My former students and sometimes co-authors, Dan Bowen and Collin Hitt, have a superb piece in Phi Delta Kappan Journal on the history and evidence on sports in schools. They demonstrate convincingly that sports improve academic outcomes and play an important and positive role in K-12 schools.
They also successfully rebut claims by Amanda Ripley and others that sports should be taken out of schools and instead be provided by club teams, as is common in Europe. As it turns out, the rigorous research contradicts the casual observations based on journalistic tourism. In particular, Dan and Collin debunk three commonly made claims about sports in schools:
#1. Sports participation has no role in academic development; in fact, sports might undermine academics.
#2. Adopting European-style sports club programs would enable adolescents to participate in sports while eliminating any negative influences that school-sponsored athletics have on academics.
#3. Eliminating school-sponsored sports will increase student participation in other extracurricular activities.
Be sure to check out their piece in the Kappan.
Unfortunately, out here in Los Angeles, with a lousy public education system, and limited seats in private schools, many of the private junior highs and high schools have turned “athletes do better in school” into “we only accept athletes”. Many non-athletic kids end up wondering why they can’t get into good private schools, and the pressure to get non-athletic kids into some sport becomes enormous.
All 4 of my kids were elite athletes from young ages and I’ve never heard of argument #3. I’ve also not heard any athletic parents – or parents from dance, music, theater etc – disputing #1. As far as #2 is concerned, I’ve had personal experience and lots of anecdotes from others of frequent times and places where the athletic tail is wagging the academic dog in public schools. I only know one private where that was true – and that was at a recognized jock school. Ann’s comment is one reason why I’d like to separate school from sports. After all, boarding schools are always different – kids are there 24/7 for months on end; not a good justification for school sports in general.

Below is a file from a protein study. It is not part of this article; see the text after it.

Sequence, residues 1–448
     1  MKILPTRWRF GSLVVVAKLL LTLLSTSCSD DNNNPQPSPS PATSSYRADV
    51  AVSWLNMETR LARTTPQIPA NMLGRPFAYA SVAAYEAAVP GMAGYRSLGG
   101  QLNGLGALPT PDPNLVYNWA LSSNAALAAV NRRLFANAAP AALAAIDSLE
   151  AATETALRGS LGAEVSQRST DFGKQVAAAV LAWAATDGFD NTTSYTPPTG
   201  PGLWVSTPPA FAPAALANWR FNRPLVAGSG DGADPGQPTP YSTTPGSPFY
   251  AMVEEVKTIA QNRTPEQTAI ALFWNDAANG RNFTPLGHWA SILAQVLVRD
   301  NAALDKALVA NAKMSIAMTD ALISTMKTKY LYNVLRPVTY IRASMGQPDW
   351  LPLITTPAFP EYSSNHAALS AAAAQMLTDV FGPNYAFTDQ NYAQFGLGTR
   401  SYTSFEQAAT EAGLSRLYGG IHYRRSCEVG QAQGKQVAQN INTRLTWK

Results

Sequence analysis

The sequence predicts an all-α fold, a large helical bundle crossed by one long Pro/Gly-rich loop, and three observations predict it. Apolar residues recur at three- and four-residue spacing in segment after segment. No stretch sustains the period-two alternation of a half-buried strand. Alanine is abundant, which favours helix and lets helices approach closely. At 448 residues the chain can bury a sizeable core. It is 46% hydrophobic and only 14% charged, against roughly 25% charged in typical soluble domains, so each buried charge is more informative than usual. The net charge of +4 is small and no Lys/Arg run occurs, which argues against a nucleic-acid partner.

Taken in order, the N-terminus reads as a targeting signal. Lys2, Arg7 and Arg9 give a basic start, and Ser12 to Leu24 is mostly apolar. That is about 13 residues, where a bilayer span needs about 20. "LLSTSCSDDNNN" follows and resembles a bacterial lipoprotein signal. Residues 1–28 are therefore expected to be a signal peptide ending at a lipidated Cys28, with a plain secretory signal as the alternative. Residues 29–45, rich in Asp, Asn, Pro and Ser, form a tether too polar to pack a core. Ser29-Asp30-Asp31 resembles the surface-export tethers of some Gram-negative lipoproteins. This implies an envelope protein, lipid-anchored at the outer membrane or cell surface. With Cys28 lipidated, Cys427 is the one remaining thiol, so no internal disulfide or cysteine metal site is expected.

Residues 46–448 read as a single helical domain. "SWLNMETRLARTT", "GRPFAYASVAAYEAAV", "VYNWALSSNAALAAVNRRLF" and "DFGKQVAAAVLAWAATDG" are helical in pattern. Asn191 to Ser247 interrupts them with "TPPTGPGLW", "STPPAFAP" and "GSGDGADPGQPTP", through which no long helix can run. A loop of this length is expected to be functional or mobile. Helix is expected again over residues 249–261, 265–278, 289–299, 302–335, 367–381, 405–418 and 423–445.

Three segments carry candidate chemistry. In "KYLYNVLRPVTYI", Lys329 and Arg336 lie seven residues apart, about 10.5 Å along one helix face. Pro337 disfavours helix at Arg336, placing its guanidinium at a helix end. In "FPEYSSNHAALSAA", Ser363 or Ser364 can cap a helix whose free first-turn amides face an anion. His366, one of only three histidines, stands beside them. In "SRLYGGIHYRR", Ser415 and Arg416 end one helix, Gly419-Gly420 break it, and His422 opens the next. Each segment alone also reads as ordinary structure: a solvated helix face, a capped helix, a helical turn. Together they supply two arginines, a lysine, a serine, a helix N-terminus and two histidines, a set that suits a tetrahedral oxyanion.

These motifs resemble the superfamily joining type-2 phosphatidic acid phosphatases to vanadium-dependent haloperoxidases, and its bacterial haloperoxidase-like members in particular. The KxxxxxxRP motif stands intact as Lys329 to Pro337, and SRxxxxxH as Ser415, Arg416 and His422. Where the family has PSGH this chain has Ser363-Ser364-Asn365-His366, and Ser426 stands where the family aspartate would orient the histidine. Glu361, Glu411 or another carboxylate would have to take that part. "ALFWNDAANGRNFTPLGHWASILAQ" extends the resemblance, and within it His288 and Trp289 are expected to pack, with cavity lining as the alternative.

Where I disagree with the whole school-sports-are-so-great-and-must-be-kept mantra, is that, in many areas and in many sports (perhaps even most), school sports are a small, often insignificant part, of the total athletic experience. In the 4 HS districts, in 3 states, where we lived, the kids who played HS sports – definitely varsity and usually JV – had many years of club/elite training prior to HS – or even MS. The non-school sports were at a much higher skill/tactical level and were the source of the focus, discipline, time management etc skills and habits that school-sports promoters attribute to school sports – and which do transfer to the academic sphere. Three of my kids had club coaches who also coached multiple HS state championship teams in those sports – and they were very explicit that the quality of the HS team depended on the number of team members coming from top-level club programs – soccer players (male and female) on teams competitive at the Snickers Cup state tournament and state/regional teams, swimmers with zone or national qual times etc. Those kids didn’t need school sports; they were an addition, done for school spirit – and I knew national-level swimmers who never swam in school. Most sports have a club structure that runs all the way to the national, often international, level. Football is an exception, and perhaps basketball. Kids who arrive in school nationally ranked in tennis aren’t learning much in HS tennis. In fact, I know club/private coaches who do not allow their athletes to be coached by HS coaches; the tennis kids do matches only and swimmers only practice relays; everything else is done outside of school.
I think it should be remembered that the Phi Delta Kappan is part of the ed establishment, which likes to think that it owns k-12 kids and that, just because something is a good thing, schools should be the ones doing it. (just read that teaching 2nd-graders to ride a bike is now a priority for DCPS – even if those kids can’t read or add) I disagree. Like private schools – and, to an extent – charters, clubs (and city rec) can target specific groups of kids and parents can choose which best fits their kids; no one-size-fits-all approach.
[…] time-management and increasing cognitive function. For reasons such as these, research suggests athletics increase academic achievement in K-12 […]
[…] Bowen and Hitt on Sports in School. (2016, April 29). Retrieved October 22, 2017, from https://jaypgreene.com/2016/04/29/bowen-and-hitt-on-sports-in-school […]